A movie is a piece of film that combines acting, visuals and sound to convey a story or idea. It can be a drama, action, or comedy and usually follows a plot (story) with characters that have to overcome an obstacle in their lives. Movies can be made by large or small movie companies and are screened in theaters, on TV, or on DVD. They are often based on books or other stories and are made for all ages. Some movies are so popular that they become ‘blockbusters’ and make a lot of money in ticket and DVD sales. They can even be made on a very small budget and still be successful. These are called independent or art movies and have a cult following.

Actors: A good movie is only as good as its actors, so be sure to analyze the performance of all of the major and minor characters in the film. Evaluate whether their portrayals were believable and whether or not the performances were’standouts’. Also, consider how well the actors fit the character and if they are the right people to play them.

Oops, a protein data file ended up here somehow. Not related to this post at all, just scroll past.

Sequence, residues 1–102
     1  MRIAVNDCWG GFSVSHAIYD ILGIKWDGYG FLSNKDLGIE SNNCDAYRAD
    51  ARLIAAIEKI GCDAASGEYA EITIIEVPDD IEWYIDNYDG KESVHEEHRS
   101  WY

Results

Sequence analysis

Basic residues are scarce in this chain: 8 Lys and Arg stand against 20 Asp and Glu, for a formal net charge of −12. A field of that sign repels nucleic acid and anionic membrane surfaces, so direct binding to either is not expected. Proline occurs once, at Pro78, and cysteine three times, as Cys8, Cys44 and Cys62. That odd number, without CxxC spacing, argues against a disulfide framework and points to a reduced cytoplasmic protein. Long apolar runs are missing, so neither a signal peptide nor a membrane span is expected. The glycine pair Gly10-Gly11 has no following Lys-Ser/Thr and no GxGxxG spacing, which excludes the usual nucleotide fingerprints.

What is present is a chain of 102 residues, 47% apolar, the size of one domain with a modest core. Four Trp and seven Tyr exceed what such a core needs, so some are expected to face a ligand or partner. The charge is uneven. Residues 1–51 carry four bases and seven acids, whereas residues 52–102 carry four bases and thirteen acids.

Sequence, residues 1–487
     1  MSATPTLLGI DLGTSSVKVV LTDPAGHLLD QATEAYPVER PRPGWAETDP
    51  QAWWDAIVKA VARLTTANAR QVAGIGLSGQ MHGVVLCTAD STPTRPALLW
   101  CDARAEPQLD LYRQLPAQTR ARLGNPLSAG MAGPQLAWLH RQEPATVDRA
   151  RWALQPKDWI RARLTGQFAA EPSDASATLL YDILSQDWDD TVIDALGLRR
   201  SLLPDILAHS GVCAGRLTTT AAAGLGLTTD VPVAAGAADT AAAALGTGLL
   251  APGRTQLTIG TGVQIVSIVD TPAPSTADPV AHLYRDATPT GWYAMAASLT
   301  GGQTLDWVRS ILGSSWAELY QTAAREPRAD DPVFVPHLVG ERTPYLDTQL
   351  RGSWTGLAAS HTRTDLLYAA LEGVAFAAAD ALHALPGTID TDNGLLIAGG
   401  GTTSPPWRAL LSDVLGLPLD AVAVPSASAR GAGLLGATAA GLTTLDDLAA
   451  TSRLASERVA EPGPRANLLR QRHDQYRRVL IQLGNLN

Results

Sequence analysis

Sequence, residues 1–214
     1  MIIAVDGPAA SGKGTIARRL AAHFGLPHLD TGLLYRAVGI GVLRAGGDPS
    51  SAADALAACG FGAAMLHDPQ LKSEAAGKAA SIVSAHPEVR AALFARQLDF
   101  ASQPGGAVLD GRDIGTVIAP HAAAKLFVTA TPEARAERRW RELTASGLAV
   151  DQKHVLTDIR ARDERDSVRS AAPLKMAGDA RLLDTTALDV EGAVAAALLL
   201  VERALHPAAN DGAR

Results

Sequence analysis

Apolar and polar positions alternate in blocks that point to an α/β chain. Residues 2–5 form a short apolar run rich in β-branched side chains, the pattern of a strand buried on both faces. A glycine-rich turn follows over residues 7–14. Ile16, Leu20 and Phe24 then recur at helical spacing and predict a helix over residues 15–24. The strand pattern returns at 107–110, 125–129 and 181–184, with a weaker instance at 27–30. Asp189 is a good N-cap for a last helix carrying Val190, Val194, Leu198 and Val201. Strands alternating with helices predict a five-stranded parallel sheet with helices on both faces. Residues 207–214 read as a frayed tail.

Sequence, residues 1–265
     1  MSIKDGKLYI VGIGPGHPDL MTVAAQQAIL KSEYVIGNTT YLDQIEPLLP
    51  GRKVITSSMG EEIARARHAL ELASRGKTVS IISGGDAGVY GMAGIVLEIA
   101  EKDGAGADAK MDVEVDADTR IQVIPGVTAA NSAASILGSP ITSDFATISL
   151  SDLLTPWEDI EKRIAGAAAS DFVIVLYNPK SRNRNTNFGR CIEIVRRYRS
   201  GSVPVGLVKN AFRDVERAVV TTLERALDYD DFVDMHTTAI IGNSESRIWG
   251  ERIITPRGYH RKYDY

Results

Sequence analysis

Writing: The dialogue, characterization and plot of the movie should all be examined. Evaluate if the movie was easy to follow and if it had any twists or turns that were unexpected. Also, consider how the movie evoked emotions in the audience.

Cinematography: This includes the camera work, lighting and photography used in the film. Examine how these elements contribute to the overall tone and style of the movie. Also, consider if the film was well paced and how it developed over time.

Sound and Audio: This can include the music, soundtracks, and dubbing in the film. Examine how these elements add or detract from the movie. Also, consider if the sound and music helped to set the mood and tone of the movie.

Setting: The locations and scenery of the movie should be considered. Examine if they fit the plot and if the locations were used in a way that added to or detracted from the movie.

Directed by Spike Lee, who made his mark with She’s Gotta Have It and School Daze, this film is a classic example of urban drama at its best. Set on one of Brooklyn’s hottest summer days, this film captures the seething tension between African-Americans living in Bed-Stuy and Italian-Americans running a local pizzeria. It’s a fable of racial and economic conflict that still holds up today.